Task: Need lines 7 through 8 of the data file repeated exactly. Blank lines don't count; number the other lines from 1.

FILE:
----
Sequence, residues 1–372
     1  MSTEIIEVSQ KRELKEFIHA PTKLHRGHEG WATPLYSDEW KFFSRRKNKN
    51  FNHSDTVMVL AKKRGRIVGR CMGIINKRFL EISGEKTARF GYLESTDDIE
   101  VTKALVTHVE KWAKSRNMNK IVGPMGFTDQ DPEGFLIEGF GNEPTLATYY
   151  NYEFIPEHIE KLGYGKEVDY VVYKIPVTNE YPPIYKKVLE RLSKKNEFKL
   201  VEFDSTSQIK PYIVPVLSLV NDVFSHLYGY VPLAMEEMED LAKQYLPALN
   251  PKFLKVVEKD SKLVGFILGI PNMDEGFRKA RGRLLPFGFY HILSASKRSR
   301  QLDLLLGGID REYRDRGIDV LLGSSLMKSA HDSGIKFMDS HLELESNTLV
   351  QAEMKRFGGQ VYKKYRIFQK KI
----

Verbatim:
   251  PKFLKVVEKD SKLVGFILGI PNMDEGFRKA RGRLLPFGFY HILSASKRSR
   301  QLDLLLGGID REYRDRGIDV LLGSSLMKSA HDSGIKFMDS HLELESNTLV